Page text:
Guantanamo denying detainees lawyer contact without invasive body search

In a letter sent to British foreign secretary William Hague, a prominent human rights lawyer is alleging that Guantanamo Bay’s hunger striking detainees are being threatened with humiliating body searches before they are allowed to contact legal counsel.

See our timeline of the Guantanamo Bay hunger

Clive Stafford Smith, who currently represents several inmates
at the US prison camp through the legal charity Reprieve, claims
that guards at the facility are requiring invasive searches before
detainees can conduct in-person interviews or even phone calls to

A copy of the letter was obtained by The Guardian, and states
that as a direct result of the new policy two of Smith’s clients
were recently barred from speaking with their legal representatives
after refusing the searches.

“The US military has started
directly abusing prisoners who want to contact their lawyers to
tell them what is happening. So anyone who wants to see a lawyer,
or have a legal phone call, must have his fingers put up his anus
and his genitals touched,”
Smith writes.

There are currently 100 inmates confirmed by US authorities as
participating in the hunger strike at Guantanamo Bay since it began
in earnest back in February, 29 of whom are being force-fed via

Five of those prisoners are being observed in the detainee
hospital, according to a statement by US Army spokesperson Lt. Col.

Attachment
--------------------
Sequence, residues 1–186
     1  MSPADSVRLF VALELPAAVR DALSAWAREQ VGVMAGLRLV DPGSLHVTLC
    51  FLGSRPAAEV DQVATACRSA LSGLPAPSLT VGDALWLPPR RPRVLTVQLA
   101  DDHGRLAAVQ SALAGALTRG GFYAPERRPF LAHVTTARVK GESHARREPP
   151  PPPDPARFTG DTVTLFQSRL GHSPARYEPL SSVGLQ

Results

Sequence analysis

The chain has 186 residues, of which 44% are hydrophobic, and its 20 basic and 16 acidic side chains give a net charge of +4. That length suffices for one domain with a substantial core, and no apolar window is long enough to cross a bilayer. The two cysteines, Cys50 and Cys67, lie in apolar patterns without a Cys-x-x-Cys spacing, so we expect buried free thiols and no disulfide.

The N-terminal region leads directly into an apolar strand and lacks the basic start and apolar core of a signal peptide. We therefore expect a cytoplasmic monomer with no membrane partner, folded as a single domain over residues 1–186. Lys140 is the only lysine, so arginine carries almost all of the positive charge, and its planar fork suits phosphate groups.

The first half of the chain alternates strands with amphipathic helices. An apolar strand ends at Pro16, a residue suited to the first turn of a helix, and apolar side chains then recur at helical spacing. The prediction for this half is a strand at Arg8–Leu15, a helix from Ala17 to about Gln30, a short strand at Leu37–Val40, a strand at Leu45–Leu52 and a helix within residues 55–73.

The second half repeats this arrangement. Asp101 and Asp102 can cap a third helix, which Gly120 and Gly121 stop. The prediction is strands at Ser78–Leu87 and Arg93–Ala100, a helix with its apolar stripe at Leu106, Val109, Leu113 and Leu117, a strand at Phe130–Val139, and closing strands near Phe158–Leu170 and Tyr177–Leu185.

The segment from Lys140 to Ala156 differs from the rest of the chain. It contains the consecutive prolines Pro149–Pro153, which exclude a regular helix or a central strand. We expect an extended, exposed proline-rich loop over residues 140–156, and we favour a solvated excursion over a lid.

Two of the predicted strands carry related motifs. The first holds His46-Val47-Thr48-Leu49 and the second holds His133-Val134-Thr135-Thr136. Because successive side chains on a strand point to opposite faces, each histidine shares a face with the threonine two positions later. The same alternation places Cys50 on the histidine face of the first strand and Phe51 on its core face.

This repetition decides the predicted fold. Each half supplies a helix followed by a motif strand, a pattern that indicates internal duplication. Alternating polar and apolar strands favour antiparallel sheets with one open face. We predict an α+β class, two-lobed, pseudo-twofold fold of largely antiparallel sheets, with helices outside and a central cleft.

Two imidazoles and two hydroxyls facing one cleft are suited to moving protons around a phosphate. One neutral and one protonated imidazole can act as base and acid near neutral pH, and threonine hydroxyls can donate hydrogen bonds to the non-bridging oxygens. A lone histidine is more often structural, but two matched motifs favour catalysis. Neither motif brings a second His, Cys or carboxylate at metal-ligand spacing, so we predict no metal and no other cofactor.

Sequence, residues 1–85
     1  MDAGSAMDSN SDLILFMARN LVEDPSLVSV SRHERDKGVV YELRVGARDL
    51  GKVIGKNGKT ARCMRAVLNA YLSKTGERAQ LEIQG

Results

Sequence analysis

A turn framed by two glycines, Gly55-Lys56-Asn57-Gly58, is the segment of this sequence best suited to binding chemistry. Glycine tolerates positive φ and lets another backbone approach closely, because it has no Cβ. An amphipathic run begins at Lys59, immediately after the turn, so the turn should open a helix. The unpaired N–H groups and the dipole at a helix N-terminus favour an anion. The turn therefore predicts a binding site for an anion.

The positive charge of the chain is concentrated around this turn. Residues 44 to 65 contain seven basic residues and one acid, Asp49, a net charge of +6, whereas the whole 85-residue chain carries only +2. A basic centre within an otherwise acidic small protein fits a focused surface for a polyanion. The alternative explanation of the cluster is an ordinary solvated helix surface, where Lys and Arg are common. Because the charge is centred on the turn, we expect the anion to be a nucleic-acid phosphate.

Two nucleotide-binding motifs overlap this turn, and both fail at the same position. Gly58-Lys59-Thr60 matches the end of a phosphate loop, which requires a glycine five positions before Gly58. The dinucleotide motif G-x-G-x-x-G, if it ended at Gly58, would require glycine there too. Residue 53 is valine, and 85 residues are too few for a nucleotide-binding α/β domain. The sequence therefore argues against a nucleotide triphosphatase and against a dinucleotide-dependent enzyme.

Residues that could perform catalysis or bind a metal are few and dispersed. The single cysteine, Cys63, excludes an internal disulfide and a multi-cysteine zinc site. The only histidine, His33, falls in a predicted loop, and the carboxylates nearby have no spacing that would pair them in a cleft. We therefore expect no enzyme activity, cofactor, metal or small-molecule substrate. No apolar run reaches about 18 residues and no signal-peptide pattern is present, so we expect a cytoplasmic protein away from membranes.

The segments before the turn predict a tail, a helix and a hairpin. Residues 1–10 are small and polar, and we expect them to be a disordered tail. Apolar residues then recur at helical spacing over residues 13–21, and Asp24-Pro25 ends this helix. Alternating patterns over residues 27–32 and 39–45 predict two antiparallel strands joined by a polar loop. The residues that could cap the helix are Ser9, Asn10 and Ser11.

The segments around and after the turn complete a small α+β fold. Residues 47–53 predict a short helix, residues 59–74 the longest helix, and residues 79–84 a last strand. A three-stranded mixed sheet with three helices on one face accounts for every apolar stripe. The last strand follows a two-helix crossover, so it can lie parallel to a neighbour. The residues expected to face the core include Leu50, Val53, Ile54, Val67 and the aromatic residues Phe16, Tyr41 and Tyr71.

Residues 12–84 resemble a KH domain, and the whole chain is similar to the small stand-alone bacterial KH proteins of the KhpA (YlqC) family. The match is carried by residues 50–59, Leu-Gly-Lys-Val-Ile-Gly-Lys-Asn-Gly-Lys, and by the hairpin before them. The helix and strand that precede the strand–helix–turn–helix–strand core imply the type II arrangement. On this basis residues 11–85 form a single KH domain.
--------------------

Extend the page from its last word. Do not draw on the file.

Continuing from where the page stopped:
Samuel House on Monday. The official numbers differ from those of
human rights activists, who have put the number of strikers at up
to 130.

A US Marine manning an observation tower surveys the outside of Camp X-Ray where 110 Al-Qaeda and Taliban detainees are being currently held by US authorities at the US Guantanamo US Naval Base in Guantanamo Bay, Cuba, 17 January 2002.(AFP Photo)

The claims by Smith coincide with failure by one of his clients,
Samir Naji al Hasan Moqbel, to speak with him via telephone last
Friday, allegedly due to the new policy. Moqbel, who is
participating in the hunger strike, was the recent author of a New
York Times op-ed which detailed the pain and emotional impact of
being force-fed by nasal tubes.  

Agence France-Presse (AFP) has independently reported that
another lawyer, David Remes, had two detainees he currently
represents decline calls due to the new search procedures.

“Under the new search policy,
a detainee who leaves his camp is subject to a search including his
private parts and holding his private parts,”

He added that the “shocking” searches were “designed to deter many detainees from
meeting with their [lawyers] … to make their life more miserable
and put the detainees in front of an impossible choice.”

In response to the allegations, Lt. Col. Samuel House has told
The Guardian that the new search procedures do not represent
anything beyond a pat down:

“Full frisk searches are
conducted in a professional manner to quickly locate and identify
contraband hidden on the body. The searches are conducted with
clothes on, similar to a pat-down search conducted by an airport
security screener,”
says House.

According to House, the new procedures were enacted “in light of contraband discovered during
recent cell searches.”

For his part, Smith believes the allegedly invasive searches
cannot be justified.

“Any pretext given for these
new rules is just that: a pretext. The prisoners do not need to be
sexually assaulted in order to be taken to a telephone to talk to
their lawyer,”
he said.

This article originally appeared on : RT